Insulator? Why would you think anything IN the fridge would be an insulator? It might be a heat sink, or a heat source, but it isn't insulating (separating) anything from anything.
Every time the boat rocks, or bounces, or the tidal pull of the moon and sun pull the molecules in that water, aren't they adding motion to them? And isn't molecular motion going to manifest as heat?

I don't see why the thought of adding MORE MASS into a system would make that system produce or contain fewer calories. And we're not really trying to make a frig cold, we're trying to TRANSFER CALORIES out of it. Fewer calories in it, fewer things to produce calories, fewer calories to take out of it.

I admit I'm not up on modern physics but IIRC everything vibrates and produces heat--until you cool it down to absolute zero. Everything in that frig is producing (loosing) heat, until you exhaust the energy by cooling it all down to absolute zero. More mass in the box? More work to do!<G>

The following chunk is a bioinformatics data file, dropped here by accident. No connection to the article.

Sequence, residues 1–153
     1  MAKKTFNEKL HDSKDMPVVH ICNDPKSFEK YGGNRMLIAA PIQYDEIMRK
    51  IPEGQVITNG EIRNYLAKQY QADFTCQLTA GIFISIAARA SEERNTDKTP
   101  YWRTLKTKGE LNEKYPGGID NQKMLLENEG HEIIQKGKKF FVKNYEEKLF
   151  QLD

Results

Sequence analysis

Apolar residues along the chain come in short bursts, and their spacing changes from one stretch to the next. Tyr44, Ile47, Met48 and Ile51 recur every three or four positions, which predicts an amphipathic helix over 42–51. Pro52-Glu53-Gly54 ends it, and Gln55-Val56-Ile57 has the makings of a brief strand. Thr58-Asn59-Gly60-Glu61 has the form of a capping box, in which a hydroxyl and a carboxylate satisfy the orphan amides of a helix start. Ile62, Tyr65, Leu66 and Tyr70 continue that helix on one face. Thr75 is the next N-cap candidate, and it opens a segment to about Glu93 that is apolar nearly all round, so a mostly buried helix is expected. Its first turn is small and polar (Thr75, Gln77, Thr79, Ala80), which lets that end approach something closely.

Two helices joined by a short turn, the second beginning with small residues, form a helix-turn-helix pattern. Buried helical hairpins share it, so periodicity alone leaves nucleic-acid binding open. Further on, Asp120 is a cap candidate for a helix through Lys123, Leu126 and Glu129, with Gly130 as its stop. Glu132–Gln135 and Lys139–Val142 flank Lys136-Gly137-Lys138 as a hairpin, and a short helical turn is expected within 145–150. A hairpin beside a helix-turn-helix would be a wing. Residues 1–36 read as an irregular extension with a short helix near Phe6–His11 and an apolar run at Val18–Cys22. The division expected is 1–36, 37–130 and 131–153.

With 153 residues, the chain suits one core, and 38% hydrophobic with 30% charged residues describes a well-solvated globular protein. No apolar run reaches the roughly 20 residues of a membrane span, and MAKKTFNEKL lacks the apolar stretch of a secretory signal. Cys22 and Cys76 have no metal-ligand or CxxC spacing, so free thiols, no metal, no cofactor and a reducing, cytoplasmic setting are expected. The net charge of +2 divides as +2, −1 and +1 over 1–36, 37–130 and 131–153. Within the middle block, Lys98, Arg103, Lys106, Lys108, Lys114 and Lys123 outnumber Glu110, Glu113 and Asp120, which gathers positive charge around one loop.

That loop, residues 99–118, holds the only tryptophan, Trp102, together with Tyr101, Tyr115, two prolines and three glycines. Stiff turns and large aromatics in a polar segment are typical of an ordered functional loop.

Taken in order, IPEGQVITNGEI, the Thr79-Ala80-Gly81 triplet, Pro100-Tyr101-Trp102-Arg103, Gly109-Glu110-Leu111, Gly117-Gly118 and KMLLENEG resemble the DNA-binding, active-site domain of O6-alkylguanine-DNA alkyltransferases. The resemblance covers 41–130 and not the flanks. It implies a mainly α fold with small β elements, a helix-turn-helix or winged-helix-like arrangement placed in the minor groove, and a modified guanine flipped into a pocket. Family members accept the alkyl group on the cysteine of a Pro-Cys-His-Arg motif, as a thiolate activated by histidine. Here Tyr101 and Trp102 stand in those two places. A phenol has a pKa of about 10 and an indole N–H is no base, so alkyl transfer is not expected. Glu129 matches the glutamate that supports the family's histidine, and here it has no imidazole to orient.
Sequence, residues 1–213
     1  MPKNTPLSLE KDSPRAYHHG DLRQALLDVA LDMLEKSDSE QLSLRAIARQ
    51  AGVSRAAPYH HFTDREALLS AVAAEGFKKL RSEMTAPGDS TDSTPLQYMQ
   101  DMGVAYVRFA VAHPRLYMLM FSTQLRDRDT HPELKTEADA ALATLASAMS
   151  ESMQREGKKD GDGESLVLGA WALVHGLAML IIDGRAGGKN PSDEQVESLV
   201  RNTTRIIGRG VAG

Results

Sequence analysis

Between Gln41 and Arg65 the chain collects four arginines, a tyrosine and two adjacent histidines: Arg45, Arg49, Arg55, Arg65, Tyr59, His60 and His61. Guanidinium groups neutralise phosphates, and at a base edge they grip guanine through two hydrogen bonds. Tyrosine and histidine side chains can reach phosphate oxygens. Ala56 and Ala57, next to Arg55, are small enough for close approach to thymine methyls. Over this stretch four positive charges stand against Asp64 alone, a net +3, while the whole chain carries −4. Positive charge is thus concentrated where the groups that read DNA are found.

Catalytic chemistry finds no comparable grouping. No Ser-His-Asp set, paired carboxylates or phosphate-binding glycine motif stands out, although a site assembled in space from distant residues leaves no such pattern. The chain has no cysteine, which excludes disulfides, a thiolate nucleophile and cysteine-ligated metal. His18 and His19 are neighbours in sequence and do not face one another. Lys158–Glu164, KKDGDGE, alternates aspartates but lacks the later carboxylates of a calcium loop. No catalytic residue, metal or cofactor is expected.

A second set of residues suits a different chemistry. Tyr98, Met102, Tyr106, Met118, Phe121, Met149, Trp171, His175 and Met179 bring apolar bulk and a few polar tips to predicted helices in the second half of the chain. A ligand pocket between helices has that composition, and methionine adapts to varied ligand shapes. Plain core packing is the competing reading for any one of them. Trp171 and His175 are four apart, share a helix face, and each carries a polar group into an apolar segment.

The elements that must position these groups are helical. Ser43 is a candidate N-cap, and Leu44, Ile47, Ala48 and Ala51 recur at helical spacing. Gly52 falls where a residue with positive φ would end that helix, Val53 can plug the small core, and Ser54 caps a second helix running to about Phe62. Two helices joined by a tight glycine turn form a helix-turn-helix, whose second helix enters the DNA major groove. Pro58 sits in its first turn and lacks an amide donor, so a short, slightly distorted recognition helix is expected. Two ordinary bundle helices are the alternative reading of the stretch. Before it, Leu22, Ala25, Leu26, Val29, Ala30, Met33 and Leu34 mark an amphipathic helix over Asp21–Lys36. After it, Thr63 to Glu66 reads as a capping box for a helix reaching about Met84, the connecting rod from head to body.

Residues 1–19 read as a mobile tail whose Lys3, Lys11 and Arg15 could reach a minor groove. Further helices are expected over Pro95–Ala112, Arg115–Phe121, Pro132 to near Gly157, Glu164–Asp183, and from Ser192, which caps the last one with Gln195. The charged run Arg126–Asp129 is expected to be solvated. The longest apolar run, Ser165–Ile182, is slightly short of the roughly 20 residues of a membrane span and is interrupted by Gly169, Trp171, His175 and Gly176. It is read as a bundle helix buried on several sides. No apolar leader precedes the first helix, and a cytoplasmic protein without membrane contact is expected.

Otherwise, a BIG frig would take less energy to run than a small frig--since the big one has more mass in it, and you're suggesting more mass makes it easier to keep cool. No?


Trying to think further into it...let's assume for the moment that having more mass IN any given frig, made it appear to be keeping cooler inside. perhaps, because the compressor was cycling on less often? So I asked myself, if that was so, what could cause the compressor to be cycling on less often? And the thought comes that if there is more mass in the frig, and the biggest problem is heat transfering IN from the outside (rather than the heat energy in the stuff inside)...then by putting more mass in the frig we have created a larger heat sink IN the frig, so it can absorb more of that outside heat before it has heated up enough to trigger the compressor again.